Freeport, Ill. – A lawsuit seeking an injunction against a proposed tri-county wind farm in this area remains unresolved, and a follow-up hearing has been set for April 29 in Rockford federal court, attorneys say.
Meanwhile, planning efforts continue for the wind farm, which would stretch across Stephenson, Ogle, and Winnebago counties on property southeast of German Valley. The proposed farm may include between 12 to 16 turbines in Stephenson County, and the entire facility would likely have close to 100 turbines.
“There’s activity going on with the project, but they haven’t applied for zoning in Stephenson County,” said Terry Groves, director of planning and zoning for Stephenson County. “They might be doing some engineering work, but (the lawsuit) is delaying things.”
Because the farm would straddle three counties, the wind farm company, Gamesa USA, would have to obtain permits from each county. Gamesa is the parent company of the Minnesota-based Navitas Energy.
The lawsuit in question was filed in Rockford federal court by Patricia Muscarello, who owns property near the proposed farm site. Among other things, the lawsuit seeks an injunction against the project. The suit was filed on Jan. 21, 2010.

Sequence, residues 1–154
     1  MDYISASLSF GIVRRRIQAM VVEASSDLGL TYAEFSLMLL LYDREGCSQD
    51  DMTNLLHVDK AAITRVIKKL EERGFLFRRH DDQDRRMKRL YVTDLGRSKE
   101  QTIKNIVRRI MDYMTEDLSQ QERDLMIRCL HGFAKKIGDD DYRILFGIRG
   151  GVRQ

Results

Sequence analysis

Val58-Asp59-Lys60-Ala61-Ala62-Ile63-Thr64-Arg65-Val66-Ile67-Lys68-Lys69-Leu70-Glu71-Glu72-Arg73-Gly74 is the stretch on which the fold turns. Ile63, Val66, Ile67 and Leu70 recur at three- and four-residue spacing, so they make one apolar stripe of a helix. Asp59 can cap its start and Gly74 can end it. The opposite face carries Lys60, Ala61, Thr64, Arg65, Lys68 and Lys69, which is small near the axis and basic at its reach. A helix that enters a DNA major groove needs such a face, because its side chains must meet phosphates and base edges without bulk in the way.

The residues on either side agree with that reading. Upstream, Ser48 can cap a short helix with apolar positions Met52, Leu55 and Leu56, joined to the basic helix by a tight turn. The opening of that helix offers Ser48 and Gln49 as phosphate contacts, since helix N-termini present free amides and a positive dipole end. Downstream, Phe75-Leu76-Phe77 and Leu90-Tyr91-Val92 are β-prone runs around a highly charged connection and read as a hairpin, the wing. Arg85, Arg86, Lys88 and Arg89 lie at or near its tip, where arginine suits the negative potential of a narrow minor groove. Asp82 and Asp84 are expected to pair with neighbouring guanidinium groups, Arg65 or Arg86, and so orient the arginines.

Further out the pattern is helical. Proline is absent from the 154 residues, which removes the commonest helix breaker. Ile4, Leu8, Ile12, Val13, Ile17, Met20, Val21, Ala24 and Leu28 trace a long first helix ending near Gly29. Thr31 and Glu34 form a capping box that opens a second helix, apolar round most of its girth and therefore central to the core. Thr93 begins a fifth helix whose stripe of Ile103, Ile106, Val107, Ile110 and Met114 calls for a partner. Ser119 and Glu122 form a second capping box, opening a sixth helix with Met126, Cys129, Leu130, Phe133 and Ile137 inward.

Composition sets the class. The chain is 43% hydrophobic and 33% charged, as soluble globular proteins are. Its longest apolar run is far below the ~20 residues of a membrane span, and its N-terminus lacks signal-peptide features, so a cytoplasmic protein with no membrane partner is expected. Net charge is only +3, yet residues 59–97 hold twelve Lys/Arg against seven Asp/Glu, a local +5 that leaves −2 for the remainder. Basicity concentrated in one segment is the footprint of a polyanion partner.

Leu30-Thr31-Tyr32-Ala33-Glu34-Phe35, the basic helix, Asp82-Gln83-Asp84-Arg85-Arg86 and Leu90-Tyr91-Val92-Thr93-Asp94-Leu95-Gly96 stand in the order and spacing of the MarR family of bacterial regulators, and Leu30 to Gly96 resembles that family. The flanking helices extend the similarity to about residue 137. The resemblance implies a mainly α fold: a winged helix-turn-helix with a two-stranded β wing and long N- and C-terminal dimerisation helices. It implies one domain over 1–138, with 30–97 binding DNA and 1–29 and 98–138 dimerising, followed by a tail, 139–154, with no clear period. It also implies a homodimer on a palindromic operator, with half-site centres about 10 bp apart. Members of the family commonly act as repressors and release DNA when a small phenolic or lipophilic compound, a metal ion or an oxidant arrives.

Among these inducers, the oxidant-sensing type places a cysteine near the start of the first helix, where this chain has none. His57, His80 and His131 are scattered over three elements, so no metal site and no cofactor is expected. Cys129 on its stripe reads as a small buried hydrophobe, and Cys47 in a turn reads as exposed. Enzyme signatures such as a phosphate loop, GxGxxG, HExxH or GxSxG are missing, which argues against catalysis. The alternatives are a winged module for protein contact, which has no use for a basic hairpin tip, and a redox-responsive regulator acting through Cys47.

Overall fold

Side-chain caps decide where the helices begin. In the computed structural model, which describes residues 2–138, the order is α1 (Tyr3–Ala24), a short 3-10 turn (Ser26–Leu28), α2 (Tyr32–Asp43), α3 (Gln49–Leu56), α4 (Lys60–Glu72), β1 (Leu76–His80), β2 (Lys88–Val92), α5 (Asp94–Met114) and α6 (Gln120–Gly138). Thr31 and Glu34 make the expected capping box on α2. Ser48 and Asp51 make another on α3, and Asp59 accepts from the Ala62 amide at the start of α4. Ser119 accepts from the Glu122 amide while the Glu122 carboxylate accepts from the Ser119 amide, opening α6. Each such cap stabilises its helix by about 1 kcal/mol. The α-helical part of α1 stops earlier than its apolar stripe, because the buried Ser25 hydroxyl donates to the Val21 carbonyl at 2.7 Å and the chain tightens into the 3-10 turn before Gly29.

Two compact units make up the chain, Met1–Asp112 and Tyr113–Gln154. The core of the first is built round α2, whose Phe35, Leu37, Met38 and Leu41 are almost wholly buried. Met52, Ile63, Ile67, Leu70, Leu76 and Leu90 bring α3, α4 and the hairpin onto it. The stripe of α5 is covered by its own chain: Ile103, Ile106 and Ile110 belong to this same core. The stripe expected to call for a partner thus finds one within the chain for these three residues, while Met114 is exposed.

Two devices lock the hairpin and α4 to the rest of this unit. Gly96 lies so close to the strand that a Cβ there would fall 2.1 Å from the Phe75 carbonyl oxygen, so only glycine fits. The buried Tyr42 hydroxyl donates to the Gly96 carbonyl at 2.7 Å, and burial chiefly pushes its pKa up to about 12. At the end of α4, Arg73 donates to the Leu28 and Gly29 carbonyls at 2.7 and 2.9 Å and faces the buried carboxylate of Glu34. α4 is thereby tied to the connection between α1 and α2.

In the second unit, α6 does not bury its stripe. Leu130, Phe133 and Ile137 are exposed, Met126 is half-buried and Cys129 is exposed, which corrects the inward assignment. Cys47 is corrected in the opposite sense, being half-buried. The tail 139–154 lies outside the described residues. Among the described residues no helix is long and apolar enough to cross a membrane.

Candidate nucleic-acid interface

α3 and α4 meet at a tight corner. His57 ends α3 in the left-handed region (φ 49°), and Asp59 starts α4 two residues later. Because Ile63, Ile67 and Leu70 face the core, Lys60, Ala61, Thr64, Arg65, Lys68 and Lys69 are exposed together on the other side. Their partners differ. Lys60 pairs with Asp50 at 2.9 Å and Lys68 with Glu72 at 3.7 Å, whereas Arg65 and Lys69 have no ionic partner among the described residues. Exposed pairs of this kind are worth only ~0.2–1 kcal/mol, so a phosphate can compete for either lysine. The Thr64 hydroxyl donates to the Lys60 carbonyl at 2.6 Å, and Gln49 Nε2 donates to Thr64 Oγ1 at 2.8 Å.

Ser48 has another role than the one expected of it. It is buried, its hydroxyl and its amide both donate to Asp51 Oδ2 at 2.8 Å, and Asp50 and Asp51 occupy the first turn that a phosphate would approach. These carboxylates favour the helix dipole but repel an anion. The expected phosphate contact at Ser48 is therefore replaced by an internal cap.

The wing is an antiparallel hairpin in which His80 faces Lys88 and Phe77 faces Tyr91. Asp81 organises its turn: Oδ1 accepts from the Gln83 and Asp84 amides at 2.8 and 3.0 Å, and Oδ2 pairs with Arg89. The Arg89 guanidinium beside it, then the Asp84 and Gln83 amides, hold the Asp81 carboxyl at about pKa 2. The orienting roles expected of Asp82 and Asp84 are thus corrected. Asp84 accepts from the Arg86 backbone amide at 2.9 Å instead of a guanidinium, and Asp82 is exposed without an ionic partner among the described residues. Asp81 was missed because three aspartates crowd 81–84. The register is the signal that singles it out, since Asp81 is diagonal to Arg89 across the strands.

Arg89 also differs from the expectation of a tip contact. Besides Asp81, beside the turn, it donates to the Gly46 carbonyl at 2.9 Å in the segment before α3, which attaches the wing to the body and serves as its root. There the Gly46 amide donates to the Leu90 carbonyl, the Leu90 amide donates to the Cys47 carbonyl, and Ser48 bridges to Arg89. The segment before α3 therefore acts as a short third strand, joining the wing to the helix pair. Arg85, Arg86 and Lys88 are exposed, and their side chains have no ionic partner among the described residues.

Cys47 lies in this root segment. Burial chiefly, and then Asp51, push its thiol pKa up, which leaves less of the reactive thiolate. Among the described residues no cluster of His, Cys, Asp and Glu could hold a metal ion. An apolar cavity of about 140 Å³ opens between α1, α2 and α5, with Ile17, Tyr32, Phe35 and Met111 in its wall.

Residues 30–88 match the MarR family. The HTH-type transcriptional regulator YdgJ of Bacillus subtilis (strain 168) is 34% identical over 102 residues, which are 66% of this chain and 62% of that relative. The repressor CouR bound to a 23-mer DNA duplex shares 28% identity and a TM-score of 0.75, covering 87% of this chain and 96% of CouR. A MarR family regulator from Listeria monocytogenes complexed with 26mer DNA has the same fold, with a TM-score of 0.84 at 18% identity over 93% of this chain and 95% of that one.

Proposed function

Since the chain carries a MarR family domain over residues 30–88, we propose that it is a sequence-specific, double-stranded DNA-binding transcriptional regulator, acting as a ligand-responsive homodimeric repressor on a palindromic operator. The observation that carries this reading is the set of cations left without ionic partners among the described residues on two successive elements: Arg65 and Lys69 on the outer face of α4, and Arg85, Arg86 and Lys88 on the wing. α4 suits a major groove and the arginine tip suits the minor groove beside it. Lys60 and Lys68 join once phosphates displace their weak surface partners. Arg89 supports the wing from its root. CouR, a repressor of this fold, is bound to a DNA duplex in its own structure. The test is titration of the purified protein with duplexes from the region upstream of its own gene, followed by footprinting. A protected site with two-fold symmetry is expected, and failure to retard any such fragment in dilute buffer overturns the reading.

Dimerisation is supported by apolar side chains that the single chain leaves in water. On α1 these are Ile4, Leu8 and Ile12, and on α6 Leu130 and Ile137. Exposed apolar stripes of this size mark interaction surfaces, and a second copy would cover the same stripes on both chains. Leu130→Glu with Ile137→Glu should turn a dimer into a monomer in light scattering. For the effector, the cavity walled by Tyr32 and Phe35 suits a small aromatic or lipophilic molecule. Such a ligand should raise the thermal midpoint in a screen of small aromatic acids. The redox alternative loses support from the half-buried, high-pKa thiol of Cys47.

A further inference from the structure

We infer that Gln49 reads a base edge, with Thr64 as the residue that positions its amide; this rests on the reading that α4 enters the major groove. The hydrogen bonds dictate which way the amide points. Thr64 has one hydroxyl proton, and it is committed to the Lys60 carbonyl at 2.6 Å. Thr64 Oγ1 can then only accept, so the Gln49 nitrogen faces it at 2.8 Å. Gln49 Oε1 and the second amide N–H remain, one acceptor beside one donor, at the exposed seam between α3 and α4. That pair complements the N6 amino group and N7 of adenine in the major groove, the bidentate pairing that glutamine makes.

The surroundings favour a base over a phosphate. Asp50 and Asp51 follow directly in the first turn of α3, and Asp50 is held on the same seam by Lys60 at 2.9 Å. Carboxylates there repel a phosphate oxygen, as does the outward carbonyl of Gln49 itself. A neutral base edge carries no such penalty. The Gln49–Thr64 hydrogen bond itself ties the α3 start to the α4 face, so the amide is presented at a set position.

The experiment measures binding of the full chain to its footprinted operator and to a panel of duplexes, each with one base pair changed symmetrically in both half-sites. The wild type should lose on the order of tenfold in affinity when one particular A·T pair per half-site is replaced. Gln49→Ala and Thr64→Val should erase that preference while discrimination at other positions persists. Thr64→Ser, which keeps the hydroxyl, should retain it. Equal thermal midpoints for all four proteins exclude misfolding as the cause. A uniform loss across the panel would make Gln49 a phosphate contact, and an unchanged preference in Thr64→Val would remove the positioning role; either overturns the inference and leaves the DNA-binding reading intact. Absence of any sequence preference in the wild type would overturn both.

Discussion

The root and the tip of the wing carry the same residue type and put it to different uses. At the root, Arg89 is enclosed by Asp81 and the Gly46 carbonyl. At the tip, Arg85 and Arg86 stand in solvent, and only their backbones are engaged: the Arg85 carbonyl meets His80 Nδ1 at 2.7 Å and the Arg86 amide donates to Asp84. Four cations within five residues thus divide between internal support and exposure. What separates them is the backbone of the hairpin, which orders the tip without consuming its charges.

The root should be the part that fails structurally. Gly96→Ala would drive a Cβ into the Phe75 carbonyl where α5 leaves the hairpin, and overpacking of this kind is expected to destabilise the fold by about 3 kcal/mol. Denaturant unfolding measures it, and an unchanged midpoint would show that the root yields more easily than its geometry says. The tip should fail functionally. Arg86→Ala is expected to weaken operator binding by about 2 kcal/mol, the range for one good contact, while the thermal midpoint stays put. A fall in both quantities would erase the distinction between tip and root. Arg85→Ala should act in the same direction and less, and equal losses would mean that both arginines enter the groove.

John Rearden, an attorney for Patricia Muscarello, said there are two motions to dismiss that have been filed in this case, but they have not yet been ruled on. The motions were filed by Gamesa USA, Winnebago County, and the other defendants in the suit.
Rearden declined to comment at length on the status of the case.
“Those haven’t been ruled on yet,” Rearden said of the motions to dismiss. “It’s supposed to be up in court again on April 29.”
Patricia Muscarello is the mother of Charles Muscarello, an attorney who filed a lawsuit against Gamesa’s Lancaster Wind Farm LLC project in 2007. That suit was settled in 2009. Officials with Gamesa USA were unavailable for comment.
The Lancaster Wind Farm project would likely include about 40 turbines located just north of Freeport and east of Illinois 26, bordered by Cedarville Road and Dakota Road.
According to Groves, Gamesa was granted a special-use permit for the Lancaster Wind Farm in 2007, but the lawsuit filed by Charles Muscarello led to changes in the parameters of the project. Gamesa will likely apply for a new permit to encompass alterations that were made in the original farm’s design, Groves said.
The first special-use permit expires on Oct. 19, 2011. If it expires, Gamesa will have to start the process over again, Groves said.
Groves said there may be some hesitancy on Gamesa’s part to move forward with the Lancaster project at this time.
“With the economy and the cost of electricity, the price is not compatible with profits,” Groves said.